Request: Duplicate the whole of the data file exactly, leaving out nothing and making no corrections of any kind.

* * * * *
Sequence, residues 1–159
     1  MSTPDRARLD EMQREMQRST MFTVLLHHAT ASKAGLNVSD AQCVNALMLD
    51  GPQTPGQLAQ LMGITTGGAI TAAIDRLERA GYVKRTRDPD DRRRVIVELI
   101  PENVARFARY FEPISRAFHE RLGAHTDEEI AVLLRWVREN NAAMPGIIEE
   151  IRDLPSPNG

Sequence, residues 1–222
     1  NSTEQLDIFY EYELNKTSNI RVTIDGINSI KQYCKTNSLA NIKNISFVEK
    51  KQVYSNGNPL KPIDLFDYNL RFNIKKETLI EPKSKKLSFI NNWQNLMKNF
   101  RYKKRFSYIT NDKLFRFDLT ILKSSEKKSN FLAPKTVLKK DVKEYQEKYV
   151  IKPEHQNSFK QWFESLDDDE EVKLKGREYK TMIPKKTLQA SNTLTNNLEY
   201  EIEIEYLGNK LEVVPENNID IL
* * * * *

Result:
Sequence, residues 1–159
     1  MSTPDRARLD EMQREMQRST MFTVLLHHAT ASKAGLNVSD AQCVNALMLD
    51  GPQTPGQLAQ LMGITTGGAI TAAIDRLERA GYVKRTRDPD DRRRVIVELI
   101  PENVARFARY FEPISRAFHE RLGAHTDEEI AVLLRWVREN NAAMPGIIEE
   151  IRDLPSPNG

Sequence, residues 1–222
     1  NSTEQLDIFY EYELNKTSNI RVTIDGINSI KQYCKTNSLA NIKNISFVEK
    51  KQVYSNGNPL KPIDLFDYNL RFNIKKETLI EPKSKKLSFI NNWQNLMKNF
   101  RYKKRFSYIT NDKLFRFDLT ILKSSEKKSN FLAPKTVLKK DVKEYQEKYV
   151  IKPEHQNSFK QWFESLDDDE EVKLKGREYK TMIPKKTLQA SNTLTNNLEY
   201  EIEIEYLGNK LEVVPENNID IL